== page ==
It is unlikely that they walked from Ukraine to Palestine during that period, especially after the beginning of WWI, since the Turkish/Ottomans were Germans allies, while the Russians were allies with France and England. Traveling as Russian/Ukrainian nationals through the Ottoman Empire during the war would mean death sentence or long imprisonment as spies, if caught.
As others have said, it is more likely that they sailed to Palestine from a port in Europe and part of their journey to that port may have been on foot. It is also possible that if they disembarked at Port Said (Egypt) or Beirut (Lebanon) instead of Jaffa, they had to walk the rest of the way. When my great-great grandfather immigrated from Belarus to Palestine in 1891, he left his wife and 4 younger children in Port Said and sailed to Jaffa with his older son. Once they found work and were able to rent a room, they sent for the rest of the family, but for some reason, the ship from Port Said did not stop at Jaffa as planned and continued to Beirut, from which they traveled by wagons to Palestine.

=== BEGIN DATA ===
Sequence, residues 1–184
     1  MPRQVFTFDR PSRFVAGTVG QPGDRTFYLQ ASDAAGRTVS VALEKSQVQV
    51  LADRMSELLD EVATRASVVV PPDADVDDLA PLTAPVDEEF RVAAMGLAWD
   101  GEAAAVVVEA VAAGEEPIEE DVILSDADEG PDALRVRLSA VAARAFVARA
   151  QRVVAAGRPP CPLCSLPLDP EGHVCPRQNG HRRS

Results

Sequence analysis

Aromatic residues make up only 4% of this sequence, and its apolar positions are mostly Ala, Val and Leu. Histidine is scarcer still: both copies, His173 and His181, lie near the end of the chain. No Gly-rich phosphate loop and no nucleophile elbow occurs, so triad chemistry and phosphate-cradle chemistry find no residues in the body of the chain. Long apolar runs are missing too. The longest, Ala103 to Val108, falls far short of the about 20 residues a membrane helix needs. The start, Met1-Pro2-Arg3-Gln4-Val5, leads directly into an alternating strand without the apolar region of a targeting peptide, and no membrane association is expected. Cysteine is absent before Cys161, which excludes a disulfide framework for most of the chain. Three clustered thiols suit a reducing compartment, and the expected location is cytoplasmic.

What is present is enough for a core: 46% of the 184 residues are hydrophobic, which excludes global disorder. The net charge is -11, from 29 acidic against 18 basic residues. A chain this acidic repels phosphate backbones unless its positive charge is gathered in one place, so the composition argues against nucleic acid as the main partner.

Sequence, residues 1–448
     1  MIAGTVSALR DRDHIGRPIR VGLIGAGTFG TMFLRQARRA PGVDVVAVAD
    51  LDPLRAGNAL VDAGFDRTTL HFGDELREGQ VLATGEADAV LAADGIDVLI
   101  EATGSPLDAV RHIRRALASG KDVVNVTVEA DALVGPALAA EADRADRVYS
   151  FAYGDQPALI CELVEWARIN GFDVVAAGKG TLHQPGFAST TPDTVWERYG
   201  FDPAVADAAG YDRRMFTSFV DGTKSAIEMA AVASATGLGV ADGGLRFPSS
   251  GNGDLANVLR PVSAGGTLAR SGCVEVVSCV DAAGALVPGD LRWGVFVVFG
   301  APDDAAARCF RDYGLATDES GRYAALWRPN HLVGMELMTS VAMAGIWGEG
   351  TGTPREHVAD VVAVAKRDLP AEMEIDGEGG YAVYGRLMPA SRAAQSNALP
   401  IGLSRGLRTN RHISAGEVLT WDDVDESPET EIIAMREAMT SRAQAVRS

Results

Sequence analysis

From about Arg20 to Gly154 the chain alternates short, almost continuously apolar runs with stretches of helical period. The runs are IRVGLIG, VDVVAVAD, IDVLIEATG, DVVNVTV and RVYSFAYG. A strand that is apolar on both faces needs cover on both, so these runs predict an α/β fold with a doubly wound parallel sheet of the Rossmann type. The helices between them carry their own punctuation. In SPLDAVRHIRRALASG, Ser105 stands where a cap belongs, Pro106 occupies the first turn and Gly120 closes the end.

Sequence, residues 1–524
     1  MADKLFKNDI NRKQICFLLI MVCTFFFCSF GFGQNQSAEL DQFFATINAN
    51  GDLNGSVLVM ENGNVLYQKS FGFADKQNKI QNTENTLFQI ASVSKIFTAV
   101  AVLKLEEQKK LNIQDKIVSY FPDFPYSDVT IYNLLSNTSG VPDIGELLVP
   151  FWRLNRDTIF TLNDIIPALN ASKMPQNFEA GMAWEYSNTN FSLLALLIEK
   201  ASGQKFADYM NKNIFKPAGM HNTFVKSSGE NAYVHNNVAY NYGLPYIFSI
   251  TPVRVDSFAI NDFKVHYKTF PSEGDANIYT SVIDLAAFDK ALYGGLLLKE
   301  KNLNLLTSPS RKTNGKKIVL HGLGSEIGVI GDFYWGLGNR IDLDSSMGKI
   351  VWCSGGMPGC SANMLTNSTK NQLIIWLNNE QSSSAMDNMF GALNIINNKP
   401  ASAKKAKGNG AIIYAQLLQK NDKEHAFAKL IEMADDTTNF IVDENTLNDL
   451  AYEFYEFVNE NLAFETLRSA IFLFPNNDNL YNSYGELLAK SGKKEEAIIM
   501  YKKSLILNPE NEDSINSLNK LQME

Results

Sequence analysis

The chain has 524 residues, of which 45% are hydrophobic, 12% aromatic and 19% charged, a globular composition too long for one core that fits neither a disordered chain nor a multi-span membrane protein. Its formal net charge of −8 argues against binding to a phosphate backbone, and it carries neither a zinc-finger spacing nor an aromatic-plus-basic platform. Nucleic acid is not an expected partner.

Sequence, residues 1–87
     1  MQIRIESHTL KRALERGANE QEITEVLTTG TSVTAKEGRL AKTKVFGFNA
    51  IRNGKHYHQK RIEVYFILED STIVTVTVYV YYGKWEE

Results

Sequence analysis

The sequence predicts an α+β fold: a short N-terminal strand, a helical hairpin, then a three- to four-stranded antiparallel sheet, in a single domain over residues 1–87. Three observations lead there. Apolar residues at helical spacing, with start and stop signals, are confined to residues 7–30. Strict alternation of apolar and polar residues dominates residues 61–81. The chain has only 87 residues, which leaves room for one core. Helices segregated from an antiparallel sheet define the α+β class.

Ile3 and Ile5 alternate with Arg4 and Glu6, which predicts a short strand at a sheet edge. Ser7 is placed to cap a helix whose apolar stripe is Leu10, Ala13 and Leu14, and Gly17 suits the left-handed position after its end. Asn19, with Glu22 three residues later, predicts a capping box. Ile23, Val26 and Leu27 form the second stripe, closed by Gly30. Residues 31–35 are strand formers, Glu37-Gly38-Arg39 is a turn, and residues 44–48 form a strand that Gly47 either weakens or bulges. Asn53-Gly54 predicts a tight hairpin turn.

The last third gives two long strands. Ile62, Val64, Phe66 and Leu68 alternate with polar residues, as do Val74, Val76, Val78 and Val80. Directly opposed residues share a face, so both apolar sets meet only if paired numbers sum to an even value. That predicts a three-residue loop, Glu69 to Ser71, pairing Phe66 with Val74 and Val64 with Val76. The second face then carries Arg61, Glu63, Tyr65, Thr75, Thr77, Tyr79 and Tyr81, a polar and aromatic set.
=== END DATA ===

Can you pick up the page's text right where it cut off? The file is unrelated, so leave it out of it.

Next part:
Most maritime traffic to Palestine stopped during the war, so if they did manage to get to Palestine, it was most likely before or after the war.
Cherry Hill, NJ, USA (formerly from Israel)
Researching Israelit (Belarus and Latvia), Goldblat (Belarus), Vilensky (Belarus), Pruss and Koifman (Ukraine)